Heshmatollah Falahatpisheh, a senior Iranian lawmaker and former head of the parliament’s National Security & Foreign Relations Committee, has proposed seizing Canadian commercial vessels in the Strait of Hormuz in retaliation to a Canadian court’s decision to sell off Iranian assets.
“An order should be issued to confiscate ships and goods that set off from the Hormuz region to the destination of Canada,” Falahatpisheh said, suggesting that this measure “should be adopted as soon as possible.”
The lawmaker accused political lobbies in Canada of being behind the seizure and selloff of Iranian assets in a bid to try to “plunder” his country’s wealth.
Falahatpisheh also noted that “an official list of Canadian assets and properties inside Iran should be prepared,” as well, but did not clarify whether these should be seized, given that it may lead to further seizures of Iranian property in Canada. In any event, he called on Iran to “decisively counter” Canada’s actions.
Earlier, Iran’s foreign ministry condemned the Ontario higher court’s decision to seize and sell the property, calling the move a “clear breach of international law” and calling on Ottawa to immediately reverse its decision or face consequences. Tehran threatened to turn for help from international institutions if Canada does not reverse its “unlawful decision.”
On Saturday, Abbasali Kadkhodaei, an advisor to Iran’s influential Guardian Council, accused Canada of engaging in “economic terrorism,” and called its actions an attack on his country’s sovereignty.
The ‘terrorist groups’ listed in the Ontario Supreme Court of Justice ruling last month included Hamas and Hezbollah, two groups which the US and its Western allies, as well as Israel, consider terrorist groups, but which the majority of the world, including Iran, Russia and China, do not classify as such. The court documents accused Iran of ‘bankrolling, arming and training’ the groups.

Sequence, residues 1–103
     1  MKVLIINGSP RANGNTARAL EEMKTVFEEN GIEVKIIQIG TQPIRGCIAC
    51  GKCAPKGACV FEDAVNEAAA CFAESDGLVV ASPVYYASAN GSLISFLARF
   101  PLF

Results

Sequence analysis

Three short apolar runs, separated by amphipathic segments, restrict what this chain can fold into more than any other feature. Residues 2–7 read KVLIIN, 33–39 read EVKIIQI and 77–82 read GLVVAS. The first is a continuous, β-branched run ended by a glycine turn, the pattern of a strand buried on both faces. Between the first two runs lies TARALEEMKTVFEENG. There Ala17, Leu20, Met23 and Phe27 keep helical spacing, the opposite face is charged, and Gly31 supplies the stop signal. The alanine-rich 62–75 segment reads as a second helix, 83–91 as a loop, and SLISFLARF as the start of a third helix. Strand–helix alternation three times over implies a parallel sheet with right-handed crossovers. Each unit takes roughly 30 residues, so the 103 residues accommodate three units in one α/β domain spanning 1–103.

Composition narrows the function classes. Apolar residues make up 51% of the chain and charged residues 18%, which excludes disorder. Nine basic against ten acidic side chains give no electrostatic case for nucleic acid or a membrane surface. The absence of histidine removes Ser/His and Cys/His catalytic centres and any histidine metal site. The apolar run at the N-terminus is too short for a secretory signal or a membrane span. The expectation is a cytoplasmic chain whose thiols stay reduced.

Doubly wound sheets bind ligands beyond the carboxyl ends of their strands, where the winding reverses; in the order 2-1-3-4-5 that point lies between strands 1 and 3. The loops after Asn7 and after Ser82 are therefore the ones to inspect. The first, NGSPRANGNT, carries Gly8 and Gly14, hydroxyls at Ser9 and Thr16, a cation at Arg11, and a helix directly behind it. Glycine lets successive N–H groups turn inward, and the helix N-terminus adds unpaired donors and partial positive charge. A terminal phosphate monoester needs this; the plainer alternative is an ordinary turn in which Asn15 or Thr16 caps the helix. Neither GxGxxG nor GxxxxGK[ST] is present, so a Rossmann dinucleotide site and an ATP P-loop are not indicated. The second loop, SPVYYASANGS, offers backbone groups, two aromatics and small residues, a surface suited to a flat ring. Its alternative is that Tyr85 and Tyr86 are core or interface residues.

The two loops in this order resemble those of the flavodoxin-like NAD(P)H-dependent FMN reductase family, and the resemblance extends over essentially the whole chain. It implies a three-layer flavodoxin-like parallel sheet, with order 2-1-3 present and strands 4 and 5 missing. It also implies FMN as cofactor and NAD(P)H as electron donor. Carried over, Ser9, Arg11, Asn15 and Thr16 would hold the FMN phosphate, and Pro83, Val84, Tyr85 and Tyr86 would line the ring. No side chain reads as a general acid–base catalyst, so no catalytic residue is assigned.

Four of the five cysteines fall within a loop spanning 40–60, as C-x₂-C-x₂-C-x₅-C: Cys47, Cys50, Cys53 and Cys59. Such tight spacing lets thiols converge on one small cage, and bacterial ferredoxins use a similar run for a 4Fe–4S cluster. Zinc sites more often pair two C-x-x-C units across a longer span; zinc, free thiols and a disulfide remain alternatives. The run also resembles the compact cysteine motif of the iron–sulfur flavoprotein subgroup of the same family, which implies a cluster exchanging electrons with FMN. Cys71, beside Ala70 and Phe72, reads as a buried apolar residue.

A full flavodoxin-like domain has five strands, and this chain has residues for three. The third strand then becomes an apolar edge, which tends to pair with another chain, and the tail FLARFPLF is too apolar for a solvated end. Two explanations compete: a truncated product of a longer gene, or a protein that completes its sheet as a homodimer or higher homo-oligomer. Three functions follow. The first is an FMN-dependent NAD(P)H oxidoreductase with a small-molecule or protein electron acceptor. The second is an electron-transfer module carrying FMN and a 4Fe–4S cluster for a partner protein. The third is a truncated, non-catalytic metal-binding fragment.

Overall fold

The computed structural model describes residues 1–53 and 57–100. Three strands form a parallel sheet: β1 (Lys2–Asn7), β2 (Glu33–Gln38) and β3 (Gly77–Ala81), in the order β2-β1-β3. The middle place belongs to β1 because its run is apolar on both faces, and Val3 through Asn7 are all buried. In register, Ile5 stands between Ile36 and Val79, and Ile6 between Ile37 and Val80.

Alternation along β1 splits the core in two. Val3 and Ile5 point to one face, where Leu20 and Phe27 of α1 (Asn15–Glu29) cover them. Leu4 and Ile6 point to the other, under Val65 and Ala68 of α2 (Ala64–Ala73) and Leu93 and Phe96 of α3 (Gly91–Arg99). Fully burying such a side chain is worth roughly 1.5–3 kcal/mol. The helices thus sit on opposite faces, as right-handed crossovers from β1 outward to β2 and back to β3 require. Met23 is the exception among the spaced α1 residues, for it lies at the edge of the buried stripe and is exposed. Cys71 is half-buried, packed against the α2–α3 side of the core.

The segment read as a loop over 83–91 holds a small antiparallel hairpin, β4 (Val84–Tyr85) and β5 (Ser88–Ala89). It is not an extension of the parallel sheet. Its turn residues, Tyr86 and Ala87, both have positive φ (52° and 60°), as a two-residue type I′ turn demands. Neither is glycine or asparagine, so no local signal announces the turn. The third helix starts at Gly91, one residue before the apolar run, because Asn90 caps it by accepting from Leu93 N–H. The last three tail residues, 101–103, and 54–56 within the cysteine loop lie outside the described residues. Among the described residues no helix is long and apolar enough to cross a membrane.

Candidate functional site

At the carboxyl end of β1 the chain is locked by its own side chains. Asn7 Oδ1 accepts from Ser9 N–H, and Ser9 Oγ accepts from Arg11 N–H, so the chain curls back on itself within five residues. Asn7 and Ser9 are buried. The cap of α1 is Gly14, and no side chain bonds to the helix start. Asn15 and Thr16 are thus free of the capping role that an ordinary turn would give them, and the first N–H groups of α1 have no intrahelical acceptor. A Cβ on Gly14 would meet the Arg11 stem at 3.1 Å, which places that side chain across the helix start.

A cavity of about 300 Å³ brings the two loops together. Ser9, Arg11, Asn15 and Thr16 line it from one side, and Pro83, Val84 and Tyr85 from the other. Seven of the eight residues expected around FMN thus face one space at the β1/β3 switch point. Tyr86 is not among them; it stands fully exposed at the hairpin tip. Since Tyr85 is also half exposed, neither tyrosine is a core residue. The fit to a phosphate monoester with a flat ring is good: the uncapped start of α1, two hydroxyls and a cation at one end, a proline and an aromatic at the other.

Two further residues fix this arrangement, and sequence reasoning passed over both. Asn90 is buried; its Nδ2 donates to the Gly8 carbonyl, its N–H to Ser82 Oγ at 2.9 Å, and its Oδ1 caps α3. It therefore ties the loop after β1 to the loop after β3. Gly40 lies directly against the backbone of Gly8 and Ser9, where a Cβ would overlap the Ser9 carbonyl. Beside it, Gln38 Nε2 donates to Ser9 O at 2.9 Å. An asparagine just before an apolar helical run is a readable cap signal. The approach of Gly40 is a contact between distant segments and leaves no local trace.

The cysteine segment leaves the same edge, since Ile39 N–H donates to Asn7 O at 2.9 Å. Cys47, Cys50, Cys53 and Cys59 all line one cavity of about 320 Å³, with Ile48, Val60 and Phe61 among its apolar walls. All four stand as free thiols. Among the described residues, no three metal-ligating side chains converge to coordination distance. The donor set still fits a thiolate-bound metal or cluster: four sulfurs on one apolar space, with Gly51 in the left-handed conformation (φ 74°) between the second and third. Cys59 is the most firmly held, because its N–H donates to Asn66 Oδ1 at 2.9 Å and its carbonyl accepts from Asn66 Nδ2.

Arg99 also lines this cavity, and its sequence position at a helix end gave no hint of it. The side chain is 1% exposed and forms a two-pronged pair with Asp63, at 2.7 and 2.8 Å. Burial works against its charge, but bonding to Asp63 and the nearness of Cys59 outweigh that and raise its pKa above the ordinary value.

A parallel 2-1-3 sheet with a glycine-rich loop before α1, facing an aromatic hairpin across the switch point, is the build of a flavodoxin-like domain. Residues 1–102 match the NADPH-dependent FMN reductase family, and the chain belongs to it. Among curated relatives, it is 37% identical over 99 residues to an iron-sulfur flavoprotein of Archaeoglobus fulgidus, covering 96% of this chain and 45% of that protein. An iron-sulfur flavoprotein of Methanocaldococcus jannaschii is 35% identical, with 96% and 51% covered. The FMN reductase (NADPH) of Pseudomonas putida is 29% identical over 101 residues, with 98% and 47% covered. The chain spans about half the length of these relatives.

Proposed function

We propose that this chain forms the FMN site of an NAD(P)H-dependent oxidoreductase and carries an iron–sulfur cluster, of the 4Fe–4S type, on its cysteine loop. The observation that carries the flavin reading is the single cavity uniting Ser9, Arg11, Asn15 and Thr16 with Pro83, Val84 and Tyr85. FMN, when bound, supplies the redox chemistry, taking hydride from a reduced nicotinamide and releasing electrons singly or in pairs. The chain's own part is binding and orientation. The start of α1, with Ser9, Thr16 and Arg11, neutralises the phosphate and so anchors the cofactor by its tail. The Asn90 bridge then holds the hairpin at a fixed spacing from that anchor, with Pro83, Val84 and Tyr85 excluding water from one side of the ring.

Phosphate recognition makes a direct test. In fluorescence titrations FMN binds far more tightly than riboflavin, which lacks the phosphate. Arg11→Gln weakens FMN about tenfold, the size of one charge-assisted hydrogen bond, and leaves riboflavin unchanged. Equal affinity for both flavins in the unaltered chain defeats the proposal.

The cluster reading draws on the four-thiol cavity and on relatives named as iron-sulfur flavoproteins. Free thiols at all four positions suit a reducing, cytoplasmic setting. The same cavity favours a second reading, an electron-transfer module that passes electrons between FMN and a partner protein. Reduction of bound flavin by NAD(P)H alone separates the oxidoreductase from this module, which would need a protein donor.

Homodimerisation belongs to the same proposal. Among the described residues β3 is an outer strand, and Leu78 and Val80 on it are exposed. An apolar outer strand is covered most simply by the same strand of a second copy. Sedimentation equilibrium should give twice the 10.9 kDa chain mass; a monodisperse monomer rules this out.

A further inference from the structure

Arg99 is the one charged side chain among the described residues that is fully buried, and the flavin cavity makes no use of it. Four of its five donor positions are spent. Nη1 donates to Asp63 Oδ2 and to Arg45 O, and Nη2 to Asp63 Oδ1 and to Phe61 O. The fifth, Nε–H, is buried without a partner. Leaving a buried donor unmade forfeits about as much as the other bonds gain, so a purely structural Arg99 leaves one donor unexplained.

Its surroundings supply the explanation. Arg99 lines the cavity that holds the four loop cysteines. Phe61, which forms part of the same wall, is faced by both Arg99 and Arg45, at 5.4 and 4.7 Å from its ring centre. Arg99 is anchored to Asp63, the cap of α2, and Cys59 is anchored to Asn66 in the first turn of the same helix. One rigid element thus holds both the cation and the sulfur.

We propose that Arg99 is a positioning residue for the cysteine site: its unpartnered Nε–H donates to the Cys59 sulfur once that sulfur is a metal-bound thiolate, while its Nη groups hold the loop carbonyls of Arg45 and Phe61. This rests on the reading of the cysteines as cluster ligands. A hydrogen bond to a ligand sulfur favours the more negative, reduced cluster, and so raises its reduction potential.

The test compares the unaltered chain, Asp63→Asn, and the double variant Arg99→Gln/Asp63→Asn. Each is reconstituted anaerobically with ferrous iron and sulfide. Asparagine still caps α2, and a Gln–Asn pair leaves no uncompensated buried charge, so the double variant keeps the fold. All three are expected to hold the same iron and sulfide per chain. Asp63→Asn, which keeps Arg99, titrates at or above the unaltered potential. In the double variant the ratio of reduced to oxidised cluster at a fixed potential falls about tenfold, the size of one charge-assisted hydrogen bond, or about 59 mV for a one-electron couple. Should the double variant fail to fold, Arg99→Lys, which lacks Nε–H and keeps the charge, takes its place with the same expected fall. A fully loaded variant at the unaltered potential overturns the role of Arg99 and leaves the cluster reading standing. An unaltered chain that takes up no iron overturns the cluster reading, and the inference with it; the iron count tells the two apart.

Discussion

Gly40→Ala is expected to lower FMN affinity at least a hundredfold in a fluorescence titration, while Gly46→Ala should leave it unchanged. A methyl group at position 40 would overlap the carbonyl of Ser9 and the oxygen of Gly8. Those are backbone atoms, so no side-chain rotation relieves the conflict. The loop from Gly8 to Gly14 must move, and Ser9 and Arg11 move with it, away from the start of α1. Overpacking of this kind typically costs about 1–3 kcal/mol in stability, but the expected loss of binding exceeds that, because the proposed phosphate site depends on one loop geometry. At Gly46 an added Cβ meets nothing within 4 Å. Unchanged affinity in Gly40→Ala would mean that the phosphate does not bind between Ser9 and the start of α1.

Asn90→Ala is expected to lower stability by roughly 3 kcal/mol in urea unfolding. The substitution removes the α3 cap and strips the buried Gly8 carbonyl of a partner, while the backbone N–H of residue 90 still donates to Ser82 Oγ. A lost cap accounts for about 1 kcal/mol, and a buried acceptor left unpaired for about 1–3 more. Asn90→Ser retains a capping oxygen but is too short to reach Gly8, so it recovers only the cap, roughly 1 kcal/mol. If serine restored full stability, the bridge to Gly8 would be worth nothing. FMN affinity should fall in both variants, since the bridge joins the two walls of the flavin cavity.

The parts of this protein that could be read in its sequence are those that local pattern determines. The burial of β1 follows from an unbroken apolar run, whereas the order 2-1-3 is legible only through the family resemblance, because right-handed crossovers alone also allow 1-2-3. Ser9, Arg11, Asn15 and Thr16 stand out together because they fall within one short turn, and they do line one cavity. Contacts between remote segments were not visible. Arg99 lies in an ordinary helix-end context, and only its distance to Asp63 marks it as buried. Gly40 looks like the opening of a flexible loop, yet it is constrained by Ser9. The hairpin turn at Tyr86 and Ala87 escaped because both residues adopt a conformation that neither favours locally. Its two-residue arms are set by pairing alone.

Claimants in the case included the family of one Marla Bennett, a US national killed in a 2002 bombing in which Hamas was allegedly involved, and two others said to have been held hostage by Hezbollah in 1986 and 1991.
The $28 million asset selloff included tens of millions of dollars received in the sale of Iranian-owned buildings in Ottawa and Toronto. One of the buildings listed for sale was the former Iranian Cultural Centre, a prime piece of real estate bought by a developer from Montreal for $26.5 million.
The Islamic Republic is no stranger to having its assets seized by foreign governments. In 1979, after revolutionaries overthrew US-backed dictator Mohammad Reza Shah Pahlavi, Washington and its allies seized tens of billions of dollars’ worth of Iranian assets. In the years that followed, US courts have gradually chipped away at these assets, with a court ruling from 2016 ordering Iranian cash be paid out to the families of US servicemen killed in the October 1983 truck bombings in Beirut, Lebanon. Iran challenged the ruling in the International Court of Justice, stressing that it had nothing to do with the attacks. Two years later, in 2018, a New York court bizarrely ordered Iranian assets to be used to compensate the victims of the 9/11 terror attacks, even though no evidence has ever been presented that Iran had anything to do with these attacks.